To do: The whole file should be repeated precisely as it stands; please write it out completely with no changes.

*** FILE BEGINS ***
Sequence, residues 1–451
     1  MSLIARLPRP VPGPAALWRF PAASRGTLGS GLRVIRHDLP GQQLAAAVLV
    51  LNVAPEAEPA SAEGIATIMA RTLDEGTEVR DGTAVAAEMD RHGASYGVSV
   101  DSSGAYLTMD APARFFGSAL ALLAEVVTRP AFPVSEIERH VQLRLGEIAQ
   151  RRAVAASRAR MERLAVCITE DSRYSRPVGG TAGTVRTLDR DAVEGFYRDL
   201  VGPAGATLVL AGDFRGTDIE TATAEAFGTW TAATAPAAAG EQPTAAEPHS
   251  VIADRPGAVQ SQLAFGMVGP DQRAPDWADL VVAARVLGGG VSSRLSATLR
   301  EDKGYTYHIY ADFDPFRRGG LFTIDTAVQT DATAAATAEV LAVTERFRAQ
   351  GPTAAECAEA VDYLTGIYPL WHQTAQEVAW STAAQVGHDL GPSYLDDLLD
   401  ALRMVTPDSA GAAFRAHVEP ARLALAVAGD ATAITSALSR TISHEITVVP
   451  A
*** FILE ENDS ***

Sequence, residues 1–451
     1  MSLIARLPRP VPGPAALWRF PAASRGTLGS GLRVIRHDLP GQQLAAAVLV
    51  LNVAPEAEPA SAEGIATIMA RTLDEGTEVR DGTAVAAEMD RHGASYGVSV
   101  DSSGAYLTMD APARFFGSAL ALLAEVVTRP AFPVSEIERH VQLRLGEIAQ
   151  RRAVAASRAR MERLAVCITE DSRYSRPVGG TAGTVRTLDR DAVEGFYRDL
   201  VGPAGATLVL AGDFRGTDIE TATAEAFGTW TAATAPAAAG EQPTAAEPHS
   251  VIADRPGAVQ SQLAFGMVGP DQRAPDWADL VVAARVLGGG VSSRLSATLR
   301  EDKGYTYHIY ADFDPFRRGG LFTIDTAVQT DATAAATAEV LAVTERFRAQ
   351  GPTAAECAEA VDYLTGIYPL WHQTAQEVAW STAAQVGHDL GPSYLDDLLD
   401  ALRMVTPDSA GAAFRAHVEP ARLALAVAGD ATAITSALSR TISHEITVVP
   451  A